[Unlock Answer From @10/Pg] Originally Named Metal Office
Case Study: Maybe Your Ducks Should Not All Be in a Row
Steelcase is a furniture company out of Grand Rapids, Michigan, that was founded in 1912. They were originally named Metal Office Furniture Co., and their first patent was for a metal wastebasket. In 1915 their product line increased to safe deposit vault equipment, lockers, strong boxes, steel shelving, and finally desks. By 1951, Steelcase Foundation was created, and throughout the years they adjusted and modified their equipment to be attainable for all customers. Steelcase now focuses on making furniture suitable for any learning experience and training site so that the trainees can get the most out of learning. They focus on innovation and push limits to help transform schools and offices into effective learning sites. They helped refurbish the Grand Valley State University library to make it relevant for the twenty-first-century learning centers. They have twenty-nine different types of seating within the library, along with a variety of different workspaces for students to use to work on individual or group assignments.
They lead the furniture market in creating great experiences with architecture, furniture, and technology within their products. Steelcase focuses on being environmentally sustainable as well as economical in the changes they have made within the company. Their research shows that, on average, only 54% of office space is used throughout the day and over 37% of employees are not engaged at work, which is why Steelcase designed a way for people to work in different settings. In their headquarters building in Michigan, they have several different types of areas to allow for different interactions of employees. There are spaces for people to work alone in private individual rooms, in group areas, or in open individual areas.
When considering a site design, Steelcase focuses on noise, color, room structure, lighting, furniture, outlets, acoustics, and technology. They conducted a survey on classroom designs for active learning by both students and instructors. Steelcase Education researchers wanted to understand more about how to create engagement from students and teachers within the classroom, so they developed a survey called the Active Learning Post Occupancy Evaluation (AL-POE) tool. This was a way to measure the impact of learning based on the training site’s effectiveness. The design and layout of a room can make or break the learning and transfer of training.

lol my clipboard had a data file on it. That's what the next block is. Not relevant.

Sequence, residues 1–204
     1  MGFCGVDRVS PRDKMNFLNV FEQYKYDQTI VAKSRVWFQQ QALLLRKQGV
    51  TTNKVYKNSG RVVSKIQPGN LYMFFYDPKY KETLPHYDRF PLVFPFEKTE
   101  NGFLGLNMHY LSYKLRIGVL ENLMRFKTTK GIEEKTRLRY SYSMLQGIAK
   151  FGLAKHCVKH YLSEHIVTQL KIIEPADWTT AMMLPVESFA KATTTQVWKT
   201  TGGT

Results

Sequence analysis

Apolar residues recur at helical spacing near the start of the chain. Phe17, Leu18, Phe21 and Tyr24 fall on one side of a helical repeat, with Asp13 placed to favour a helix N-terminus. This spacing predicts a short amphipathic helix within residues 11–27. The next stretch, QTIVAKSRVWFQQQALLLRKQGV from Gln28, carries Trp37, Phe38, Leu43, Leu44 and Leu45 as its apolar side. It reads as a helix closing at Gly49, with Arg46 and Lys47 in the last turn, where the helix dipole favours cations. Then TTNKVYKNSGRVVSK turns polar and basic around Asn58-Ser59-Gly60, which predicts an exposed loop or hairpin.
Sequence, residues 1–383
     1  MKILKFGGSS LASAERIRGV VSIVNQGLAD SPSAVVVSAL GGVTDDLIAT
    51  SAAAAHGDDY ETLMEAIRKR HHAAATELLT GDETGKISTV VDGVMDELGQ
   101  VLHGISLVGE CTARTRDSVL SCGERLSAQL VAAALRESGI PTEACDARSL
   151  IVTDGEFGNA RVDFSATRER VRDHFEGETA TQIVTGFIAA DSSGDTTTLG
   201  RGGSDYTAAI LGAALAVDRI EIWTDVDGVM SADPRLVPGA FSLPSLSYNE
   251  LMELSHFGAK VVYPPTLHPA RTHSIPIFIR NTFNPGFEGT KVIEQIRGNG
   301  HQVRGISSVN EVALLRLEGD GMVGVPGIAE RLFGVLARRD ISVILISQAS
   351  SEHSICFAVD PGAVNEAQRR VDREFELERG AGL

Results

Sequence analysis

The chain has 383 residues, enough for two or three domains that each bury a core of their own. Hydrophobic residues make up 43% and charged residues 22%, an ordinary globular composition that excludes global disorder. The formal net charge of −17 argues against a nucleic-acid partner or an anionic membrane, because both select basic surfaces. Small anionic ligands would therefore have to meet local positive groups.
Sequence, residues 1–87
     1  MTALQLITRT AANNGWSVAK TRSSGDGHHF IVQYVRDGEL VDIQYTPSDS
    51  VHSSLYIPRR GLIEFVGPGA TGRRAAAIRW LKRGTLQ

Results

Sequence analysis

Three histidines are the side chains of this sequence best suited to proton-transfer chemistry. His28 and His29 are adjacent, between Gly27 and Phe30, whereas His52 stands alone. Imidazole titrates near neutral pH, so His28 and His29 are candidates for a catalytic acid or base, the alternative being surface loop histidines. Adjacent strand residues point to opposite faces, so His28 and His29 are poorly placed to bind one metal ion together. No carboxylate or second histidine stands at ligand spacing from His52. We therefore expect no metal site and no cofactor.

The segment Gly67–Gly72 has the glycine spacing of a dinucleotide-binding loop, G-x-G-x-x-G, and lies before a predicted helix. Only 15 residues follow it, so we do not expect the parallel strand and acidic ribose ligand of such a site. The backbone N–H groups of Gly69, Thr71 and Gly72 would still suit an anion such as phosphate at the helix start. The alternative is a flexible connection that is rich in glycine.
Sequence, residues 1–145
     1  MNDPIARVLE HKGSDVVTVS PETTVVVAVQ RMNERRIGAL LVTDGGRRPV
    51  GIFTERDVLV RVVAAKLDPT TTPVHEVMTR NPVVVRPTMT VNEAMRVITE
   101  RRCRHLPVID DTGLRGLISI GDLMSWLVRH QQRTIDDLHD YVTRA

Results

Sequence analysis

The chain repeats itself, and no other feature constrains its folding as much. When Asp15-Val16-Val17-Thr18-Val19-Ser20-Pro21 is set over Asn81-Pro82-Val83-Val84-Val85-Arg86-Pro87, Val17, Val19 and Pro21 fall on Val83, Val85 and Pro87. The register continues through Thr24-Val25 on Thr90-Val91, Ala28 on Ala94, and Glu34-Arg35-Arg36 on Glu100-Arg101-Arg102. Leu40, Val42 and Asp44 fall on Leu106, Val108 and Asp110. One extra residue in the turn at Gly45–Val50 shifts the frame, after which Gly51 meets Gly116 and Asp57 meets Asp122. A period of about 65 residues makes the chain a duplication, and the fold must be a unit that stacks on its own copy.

The AL-POE showed that classrooms intentionally designed to support active learning increase student engagement on multiple measures as compared to a traditional classroom setting. Classrooms at four U.S. universities were designed with Steelcase furniture to test the active learning setting. The research was designed to analyze student engagement by asking participants to compare their experiences in a traditional classroom (“pre/old”) setting with row-by-row seating with a classroom designed for active learning (“post/new”) where physical space supports a focus on engaging experiences for students and faculty. They asked questions six to eight weeks into the evaluation about “pre/old” and “post/new” settings for each aspect of the room design and the practices and solutions that were conducted in it. Students and faculty both saw improvements in the engagement of students and the amount of information that was retained, versus a traditional classroom layout where all the students are seated in rows.
Many companies strive to have a strong and effective training program and site to facilitate effective learning for their employees. With the AL-POE, other companies are now able to learn from them and collaborate with them to create the most engaging learning site they can. Steelcase now has furnished several universities across the country and is leading in the furniture industry. With their new way of providing spaces that improve students’ engagement and concentration, learning is improving on college campuses and in corporate training environments.